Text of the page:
In addition, Bell Atlantic has spent $350 million purchasing Tri-Continental Leasing Corp., a nationwide office equipment financing firm; purchased Telecommunications Specialists Inc., a telecommunications and office equipment business; acquired a 40 percent interest in A Beeper Co. Assoc., a nationwide paging firm; expanded Bell Atlantic Mobile Systems, its cellular mobile phone service provider; purchased Compu-Shop Inc., a computer servicing company; and acquired MAI Canada, which distributes and services computers in Canada.
Over the last two years, the company also has spent $4.5 billion in upgrading the telephone network so it can improve network efficiencies and provide new, computerized services as soon as it gets a government go-ahead.
It already has begun providing a data transport service in New Jersey with the FCC's permission.
"It would open the door so our network would be able to be used more quickly, cheaply and accurately to help someone with a personal computer access different data bases," Bolger said.
"Diversification is important for positioning us for the future . . . Paramount is to be part of the information services we know so well," he said.
The company also insists it must have the option to ally itself with a network equipment maker so as not to be dependent on its main rival, AT&T, for equipment that might not satisfy customer needs. Tight Management Ship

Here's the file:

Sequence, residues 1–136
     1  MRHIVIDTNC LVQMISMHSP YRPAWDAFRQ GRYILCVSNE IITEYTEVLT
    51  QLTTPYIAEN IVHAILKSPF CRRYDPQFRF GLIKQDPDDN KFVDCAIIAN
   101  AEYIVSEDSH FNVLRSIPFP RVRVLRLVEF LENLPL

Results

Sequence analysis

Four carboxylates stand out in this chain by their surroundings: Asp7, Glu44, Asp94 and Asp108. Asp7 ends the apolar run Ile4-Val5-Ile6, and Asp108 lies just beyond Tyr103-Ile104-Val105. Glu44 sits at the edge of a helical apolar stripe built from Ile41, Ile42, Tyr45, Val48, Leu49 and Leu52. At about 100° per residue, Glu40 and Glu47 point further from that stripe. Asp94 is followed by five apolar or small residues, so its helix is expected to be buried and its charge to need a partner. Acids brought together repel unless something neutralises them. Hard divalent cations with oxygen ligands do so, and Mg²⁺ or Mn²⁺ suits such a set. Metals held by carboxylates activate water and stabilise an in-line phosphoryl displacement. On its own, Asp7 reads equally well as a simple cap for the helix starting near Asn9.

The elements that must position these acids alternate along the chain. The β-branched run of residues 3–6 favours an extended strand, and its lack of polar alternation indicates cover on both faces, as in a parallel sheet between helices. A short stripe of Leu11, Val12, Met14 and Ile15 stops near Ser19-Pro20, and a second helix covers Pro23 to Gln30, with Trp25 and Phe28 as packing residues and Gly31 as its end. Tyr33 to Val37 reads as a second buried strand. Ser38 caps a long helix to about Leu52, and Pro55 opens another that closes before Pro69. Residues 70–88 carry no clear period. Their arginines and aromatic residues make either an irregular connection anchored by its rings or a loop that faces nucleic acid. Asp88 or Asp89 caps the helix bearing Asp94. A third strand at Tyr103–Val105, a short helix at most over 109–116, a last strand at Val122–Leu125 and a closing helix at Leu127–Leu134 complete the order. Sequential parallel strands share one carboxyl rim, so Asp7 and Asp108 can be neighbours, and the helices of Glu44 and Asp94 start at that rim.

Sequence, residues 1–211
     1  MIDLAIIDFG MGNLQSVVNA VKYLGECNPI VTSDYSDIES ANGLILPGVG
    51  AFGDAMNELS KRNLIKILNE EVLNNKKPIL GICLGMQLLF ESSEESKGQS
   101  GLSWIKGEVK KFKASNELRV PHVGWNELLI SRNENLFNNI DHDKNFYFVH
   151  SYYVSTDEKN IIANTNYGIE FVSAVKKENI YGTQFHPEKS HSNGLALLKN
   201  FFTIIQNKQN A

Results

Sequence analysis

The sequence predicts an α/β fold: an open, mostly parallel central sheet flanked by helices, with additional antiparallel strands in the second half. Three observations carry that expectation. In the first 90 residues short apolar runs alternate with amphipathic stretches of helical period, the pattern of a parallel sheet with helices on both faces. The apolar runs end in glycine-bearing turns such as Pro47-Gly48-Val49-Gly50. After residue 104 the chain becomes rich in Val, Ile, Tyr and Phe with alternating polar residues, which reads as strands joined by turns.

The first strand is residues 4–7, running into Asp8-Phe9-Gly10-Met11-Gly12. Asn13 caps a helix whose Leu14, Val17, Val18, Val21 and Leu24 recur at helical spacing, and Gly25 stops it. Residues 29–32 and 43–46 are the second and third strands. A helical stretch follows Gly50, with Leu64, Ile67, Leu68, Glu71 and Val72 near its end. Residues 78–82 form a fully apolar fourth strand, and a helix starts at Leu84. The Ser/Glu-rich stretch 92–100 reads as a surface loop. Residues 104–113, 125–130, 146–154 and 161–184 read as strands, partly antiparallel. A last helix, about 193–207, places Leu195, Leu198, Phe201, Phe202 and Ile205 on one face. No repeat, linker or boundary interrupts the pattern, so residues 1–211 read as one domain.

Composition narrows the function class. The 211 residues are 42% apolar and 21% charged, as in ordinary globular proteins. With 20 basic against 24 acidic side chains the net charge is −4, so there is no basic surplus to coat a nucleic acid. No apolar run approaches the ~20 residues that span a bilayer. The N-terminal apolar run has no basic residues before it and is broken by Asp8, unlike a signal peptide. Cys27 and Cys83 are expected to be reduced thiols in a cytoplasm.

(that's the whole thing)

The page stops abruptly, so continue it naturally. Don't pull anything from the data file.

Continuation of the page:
Meanwhile, the $9 billion company is forging a diversification strategy analysts say looks to be a sensible one, while running one of the tightest management ships of the seven regional companies.
"They've made excellent acquisitions," said James McCabe, vice president at DLJ Securities Inc.
"They are the most aggressive of the seven and the most efficient in their operations."
The company earned $973.1 million ($9.94 a share) in 1984 on revenue of $8.9 billion. Edward Greenberg, a telecommunications analyst with Morgan Stanley & Co. Inc., predicts the company will report net income of $1.09 billion on revenue of $9.15 billion this year.
The company expects new businesses to begin making money this year, but their revenue will not approach the 10 percent of overall revenue the company is allowed to earn from them.
Eileen Polsky, vice president of research at Drexel Burnham Lambert, said Bell Atlantic's strategy has been particularly successful because of its focus on small and medium businesses.
Nevertheless, "The jury is out on everything they are doing," she said.
Both McCabe and Polsky point to a dissappointing record of diversification among independent phone companies.
"GTE with Sprint, US Telecom with US Telephone . . . Both have lost money," Polsky said.
If diversification strategies do not work, rates could rise still more, said Verveer.
"If you don't take steps to insulate the regulated part, misdirected diversification will raise the cost of capital and therefore utility service," he said.